How to put on a Bike Rack the correct way

Bike Rack on Car

The market for bike racks caters to the diamond frame, which features a straight top tube across the top of the bicycle frame. 

Step-through bikes, once called Ladies bikes, often are missing or have an adjusted top tube on the frame to allow easier mounting and dismounting. Kids bikes also feature frames differing from the norm. If you’re trying to mount either of these, you could run into issues.

Bike racks come in three main types, which each have their own restrictions. They can hold between 2 and 5 bicycles and can be installed on the Trailer Hitch, the Roof, or attached to the Trunk.

Different bikes

Invented in the 19th century, bicycles have gone through many design changes. Most bikes today use diamond frames, which have a straight top tube. Step-Through Bicycles and Kids bikes have lowered, slanted, or absent top tubes.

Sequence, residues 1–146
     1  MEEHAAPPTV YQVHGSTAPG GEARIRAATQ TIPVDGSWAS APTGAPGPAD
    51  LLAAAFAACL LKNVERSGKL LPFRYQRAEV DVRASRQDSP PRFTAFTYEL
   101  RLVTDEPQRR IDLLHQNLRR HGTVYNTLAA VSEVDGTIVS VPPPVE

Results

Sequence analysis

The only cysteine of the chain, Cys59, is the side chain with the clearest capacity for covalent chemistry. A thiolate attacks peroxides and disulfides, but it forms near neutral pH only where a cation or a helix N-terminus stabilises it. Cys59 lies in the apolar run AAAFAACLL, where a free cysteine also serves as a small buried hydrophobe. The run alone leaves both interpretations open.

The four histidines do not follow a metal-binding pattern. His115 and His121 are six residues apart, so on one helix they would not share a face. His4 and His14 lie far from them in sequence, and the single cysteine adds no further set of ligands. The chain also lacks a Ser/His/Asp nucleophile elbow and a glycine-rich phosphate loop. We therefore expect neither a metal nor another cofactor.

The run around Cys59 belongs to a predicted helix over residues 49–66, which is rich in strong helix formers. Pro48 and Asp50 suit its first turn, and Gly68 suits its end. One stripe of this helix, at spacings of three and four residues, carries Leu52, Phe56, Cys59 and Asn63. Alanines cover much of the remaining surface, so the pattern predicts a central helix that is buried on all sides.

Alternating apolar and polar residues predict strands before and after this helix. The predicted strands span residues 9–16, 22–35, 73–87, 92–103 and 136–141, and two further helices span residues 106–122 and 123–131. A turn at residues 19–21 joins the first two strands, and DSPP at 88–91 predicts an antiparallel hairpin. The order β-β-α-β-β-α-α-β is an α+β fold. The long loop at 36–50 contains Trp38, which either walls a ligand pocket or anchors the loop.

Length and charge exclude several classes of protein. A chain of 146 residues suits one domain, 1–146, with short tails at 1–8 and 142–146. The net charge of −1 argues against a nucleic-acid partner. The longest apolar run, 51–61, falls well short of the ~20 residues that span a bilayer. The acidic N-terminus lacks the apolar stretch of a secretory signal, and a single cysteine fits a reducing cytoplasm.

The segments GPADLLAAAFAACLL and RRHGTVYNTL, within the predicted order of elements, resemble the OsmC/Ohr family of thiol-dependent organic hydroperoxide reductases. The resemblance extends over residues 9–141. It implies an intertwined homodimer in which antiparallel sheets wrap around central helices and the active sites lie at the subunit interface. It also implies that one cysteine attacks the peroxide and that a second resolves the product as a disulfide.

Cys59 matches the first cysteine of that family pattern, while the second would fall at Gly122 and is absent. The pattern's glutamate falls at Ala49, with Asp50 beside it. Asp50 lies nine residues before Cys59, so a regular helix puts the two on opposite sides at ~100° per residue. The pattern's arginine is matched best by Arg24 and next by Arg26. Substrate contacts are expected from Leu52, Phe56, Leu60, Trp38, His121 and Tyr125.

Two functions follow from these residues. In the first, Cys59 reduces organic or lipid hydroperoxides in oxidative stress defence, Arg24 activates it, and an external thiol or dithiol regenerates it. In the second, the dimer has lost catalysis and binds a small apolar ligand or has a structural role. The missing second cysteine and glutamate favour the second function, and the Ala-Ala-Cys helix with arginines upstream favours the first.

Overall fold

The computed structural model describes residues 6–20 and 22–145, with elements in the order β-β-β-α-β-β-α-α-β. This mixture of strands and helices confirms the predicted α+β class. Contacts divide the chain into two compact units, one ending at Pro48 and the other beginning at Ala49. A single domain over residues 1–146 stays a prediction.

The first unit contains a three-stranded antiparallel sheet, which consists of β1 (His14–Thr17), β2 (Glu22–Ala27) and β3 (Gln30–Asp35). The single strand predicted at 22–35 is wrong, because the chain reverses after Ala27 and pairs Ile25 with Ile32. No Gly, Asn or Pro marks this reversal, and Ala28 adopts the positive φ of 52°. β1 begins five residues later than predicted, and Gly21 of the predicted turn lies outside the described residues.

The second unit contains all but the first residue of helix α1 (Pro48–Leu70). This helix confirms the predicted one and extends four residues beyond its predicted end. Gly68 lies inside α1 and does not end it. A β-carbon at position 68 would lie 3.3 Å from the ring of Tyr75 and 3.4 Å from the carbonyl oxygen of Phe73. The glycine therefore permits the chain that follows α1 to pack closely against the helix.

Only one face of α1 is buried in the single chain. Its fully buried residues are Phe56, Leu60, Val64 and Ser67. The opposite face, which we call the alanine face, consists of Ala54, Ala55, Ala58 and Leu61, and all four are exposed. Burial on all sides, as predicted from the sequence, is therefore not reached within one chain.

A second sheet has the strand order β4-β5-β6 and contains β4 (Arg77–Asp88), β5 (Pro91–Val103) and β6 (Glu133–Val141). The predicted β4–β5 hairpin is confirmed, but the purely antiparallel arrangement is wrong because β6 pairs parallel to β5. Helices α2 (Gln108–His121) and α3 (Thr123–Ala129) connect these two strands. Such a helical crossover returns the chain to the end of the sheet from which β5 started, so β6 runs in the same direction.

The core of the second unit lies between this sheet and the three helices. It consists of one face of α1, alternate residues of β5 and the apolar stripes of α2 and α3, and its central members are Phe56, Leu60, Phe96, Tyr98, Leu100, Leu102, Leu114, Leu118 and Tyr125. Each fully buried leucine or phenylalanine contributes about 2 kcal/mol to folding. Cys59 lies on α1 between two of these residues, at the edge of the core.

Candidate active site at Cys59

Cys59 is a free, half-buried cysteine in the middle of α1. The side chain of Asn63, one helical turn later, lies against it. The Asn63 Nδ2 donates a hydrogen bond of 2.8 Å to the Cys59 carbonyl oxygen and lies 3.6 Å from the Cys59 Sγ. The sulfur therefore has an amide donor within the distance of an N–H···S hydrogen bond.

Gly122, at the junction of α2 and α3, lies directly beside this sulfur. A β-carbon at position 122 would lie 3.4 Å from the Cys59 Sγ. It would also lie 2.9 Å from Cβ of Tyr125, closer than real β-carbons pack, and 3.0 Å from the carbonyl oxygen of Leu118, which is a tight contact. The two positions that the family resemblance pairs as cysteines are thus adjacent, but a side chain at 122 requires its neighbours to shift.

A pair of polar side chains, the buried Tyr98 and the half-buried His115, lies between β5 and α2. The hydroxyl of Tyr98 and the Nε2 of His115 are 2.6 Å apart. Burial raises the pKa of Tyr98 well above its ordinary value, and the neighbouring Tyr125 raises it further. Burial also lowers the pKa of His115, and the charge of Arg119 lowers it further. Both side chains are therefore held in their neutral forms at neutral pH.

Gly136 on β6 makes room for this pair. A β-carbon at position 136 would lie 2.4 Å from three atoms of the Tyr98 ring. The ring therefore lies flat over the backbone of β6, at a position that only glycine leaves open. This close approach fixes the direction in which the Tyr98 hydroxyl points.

Step-Through Bicycle

These bicycles were once known as Womens or Ladies bikes because of their lower top tube, allowing a rider to wear a dress or skirt during use. They have several advantages over the diamond frame.

Step-through frames are more suited for elderly and restricted agility riders. Their lower or absent top tubes allow for easier mounting and dismounting. They’re often used for utility bicycles, where the rider would have to make many stops. 

These bikes are also often heavier and more difficult to mount on a bike rack because of their design.

Kids Bikes

Kids bike frames are miniaturized diamond frames or step-through frames. Most bike racks use the top tube of the bicycle frame as a mounting point. 

This can lead to problems with mounting kids bikes because of the smaller area available.

Types of bike rack

Depending on the bike rack you have, you could face different issues. We’ll walk through the three main types, and how to mount a bike onto each bike rack correctly. 

It’s very important to note – always strap down your bikes when mounting them on your bike rack. Immobilize the tires and the handlebars so they can’t turn and strap them securely to the supports of your bike rack.